JUST US: Holidays Alone During Divorce | S1, Ep. 47


You’re divorced. It’s a holiday. Now what? Divorced or not, holidays can be stressful. Jessica and T.H. are here to talk you through it and help you figure out the ins and outs of planning for the holidays while divorced.


  • Plan ahead. Knowing what you’re doing goes a long way to having a happy holiday.
  • Decide what’s important to you. Some give and take can go a long way!
  • If you have kids but don’t have them for a holiday, let them know it’s all good, even if you have to put on a happy face.



Welcome to another episode of the exEXPERTS DIVORCE etc… Podcast where we give you all kinds of information and tips on everything divorce. Why? We’ve lived it, so we get it! We’re Jessica and T.H.

Jessica: Today’s episode is another Just Us and we are going to be talking about getting through the holidays. It’s something that people are always stressed out about, regardless of even whether or not they’re divorced. But T.H. and I definitely have some experiences and some very specific thoughts to share. Thanks for joining us this time.

T.H.: Hey, everybody. This is definitely a pain point for so many of us going through a divorce. It’s like you build this whole idea in your head of what’s going to go wrong or what’s going to go right. Man plans and God laughs so it doesn’t ever really work out the way you plan, but sometimes it’s better. I feel like we work ourselves up so much and it’s never as bad as we’ve created it to be in our heads sometimes. I feel stressed and I’m going to feel this way and that way, and it’s almost like a self-fulfilling prophecy. I just build up so much angst, and then that’s what ends up happening, but I just created it myself. It didn’t even have to be there.

Jessica: Yeah. I think for a lot of holidays, people do that. I think generally there are so many holidays that are just overrated. We’ll talk about our first New Year’s Eve story in a second, but I think for me, the situation with holidays, and I guess it’s the same for anyone if you’re divorced and you have children, the times that you have the children, that’s great because then you have the children. I mean, for me, I never had an issue with oh my god it’s my first holiday alone with my kids now their dad isn’t here. Maybe there were certain customs or traditions that we had done previously. How is that going to be without the other parent around? For me, the worst part of holidays is when I don’t have my kids and then I’m just alone. One of my biggest weaknesses, one of my biggest personal weaknesses is I’m really not a person who’s able to ask for help. I’m not able to ask for help. I’m not able to call people and say I’m alone for Thanksgiving. That’s a bad example because I’m never alone for Thanksgiving…but I’m alone for whatever this holiday is. Do you have a seat at the table? I’m just never going to be that person. Those are times where I find it to be really hard, certain Jewish holidays and certain holidays throughout the year. I’m lucky that I get my kids every Thanksgiving and my family takes a vacation. We take a trip together every Thanksgiving. Whatever misery happens over Thanksgiving has nothing to do with my divorce. It’s the infighting and the arguing amongst the 11 of us that are all together. But it is hard. And I just want to say for everybody out there, if it is a holiday and you don’t have your kids around, and it is lonely–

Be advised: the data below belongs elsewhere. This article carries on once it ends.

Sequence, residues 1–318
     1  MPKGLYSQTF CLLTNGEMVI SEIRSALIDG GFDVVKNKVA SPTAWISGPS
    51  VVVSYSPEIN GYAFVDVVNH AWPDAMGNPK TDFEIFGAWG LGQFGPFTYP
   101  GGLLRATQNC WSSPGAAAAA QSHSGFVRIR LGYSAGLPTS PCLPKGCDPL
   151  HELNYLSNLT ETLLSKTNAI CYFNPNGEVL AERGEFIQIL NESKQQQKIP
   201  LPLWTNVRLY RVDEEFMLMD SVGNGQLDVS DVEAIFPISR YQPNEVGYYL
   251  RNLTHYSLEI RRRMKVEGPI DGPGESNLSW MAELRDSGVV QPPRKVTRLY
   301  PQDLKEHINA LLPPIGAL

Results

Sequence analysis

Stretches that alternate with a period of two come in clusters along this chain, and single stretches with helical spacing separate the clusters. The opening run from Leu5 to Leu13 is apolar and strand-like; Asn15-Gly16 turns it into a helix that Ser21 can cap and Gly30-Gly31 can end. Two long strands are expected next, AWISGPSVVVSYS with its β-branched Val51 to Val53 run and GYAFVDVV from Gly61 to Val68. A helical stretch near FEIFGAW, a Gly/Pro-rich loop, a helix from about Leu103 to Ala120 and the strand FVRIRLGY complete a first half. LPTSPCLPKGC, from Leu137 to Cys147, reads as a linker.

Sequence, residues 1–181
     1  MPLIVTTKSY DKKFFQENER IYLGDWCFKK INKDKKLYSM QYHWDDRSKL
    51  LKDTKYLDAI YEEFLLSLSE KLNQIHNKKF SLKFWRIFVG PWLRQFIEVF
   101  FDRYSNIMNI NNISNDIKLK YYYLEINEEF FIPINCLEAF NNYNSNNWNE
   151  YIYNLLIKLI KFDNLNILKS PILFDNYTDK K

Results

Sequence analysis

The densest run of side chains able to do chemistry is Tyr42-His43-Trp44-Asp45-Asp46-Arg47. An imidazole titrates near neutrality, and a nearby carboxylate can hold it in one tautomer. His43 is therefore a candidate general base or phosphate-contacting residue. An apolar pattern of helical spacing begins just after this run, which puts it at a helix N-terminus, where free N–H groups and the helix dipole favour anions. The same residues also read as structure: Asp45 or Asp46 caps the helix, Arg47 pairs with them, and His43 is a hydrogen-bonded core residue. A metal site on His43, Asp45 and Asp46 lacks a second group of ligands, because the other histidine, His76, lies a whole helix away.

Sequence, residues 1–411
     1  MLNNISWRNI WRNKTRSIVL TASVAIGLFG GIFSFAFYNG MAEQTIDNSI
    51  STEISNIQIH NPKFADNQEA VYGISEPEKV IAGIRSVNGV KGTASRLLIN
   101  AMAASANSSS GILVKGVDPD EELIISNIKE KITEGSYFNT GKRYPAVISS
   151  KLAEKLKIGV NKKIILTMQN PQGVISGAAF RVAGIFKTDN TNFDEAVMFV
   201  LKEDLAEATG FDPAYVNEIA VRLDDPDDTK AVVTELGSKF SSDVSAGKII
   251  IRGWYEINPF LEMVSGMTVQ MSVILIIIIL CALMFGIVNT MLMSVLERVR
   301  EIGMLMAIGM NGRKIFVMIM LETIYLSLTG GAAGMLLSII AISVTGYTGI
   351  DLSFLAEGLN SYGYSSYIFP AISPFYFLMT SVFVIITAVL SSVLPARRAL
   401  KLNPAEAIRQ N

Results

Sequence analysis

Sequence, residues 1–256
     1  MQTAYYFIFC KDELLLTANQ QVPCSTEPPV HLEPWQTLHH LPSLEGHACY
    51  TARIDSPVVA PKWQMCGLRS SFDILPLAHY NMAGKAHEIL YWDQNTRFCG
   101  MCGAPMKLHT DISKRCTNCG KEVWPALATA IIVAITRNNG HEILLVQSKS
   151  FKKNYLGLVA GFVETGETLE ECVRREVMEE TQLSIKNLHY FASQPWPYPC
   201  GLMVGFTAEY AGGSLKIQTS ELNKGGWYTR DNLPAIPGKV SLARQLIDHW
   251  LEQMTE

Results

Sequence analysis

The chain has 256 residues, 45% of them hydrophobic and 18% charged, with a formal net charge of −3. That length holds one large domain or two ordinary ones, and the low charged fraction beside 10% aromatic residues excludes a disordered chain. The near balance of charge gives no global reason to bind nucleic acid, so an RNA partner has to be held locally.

T.H.: Or you don’t have kids at all.

Jessica: –Or if you don’t have kids at all, I feel your pain. I think it can be hard, but I would say the key is to try to plan as far in advance as you can so that you have something already planned that you can do. I usually just invite myself to T.H.’s [laughs].

T.H.: Well, I usually invite you before you invite yourself. But I would say that for anybody who’s the friend, or family member of someone going through a divorce, let them know there’s a place at your table, or that there’s always an invitation for them. Remind them when it comes up because you may have said, you know, you’re always welcome to my house, but guess what? When Thanksgiving comes around and they haven’t heard from you for a while, they might be like, uh no, I don’t think I can go there yet. Remember to call them and say, by the way, I meant what I said. Come over to my home.

Jessica: That’s such good advice. I’m so glad you just said that because I’ve had people who’ve said to me, you know, you’re always welcome. Then when those certain holidays roll around, I’m like I’m not calling them and asking if I can come.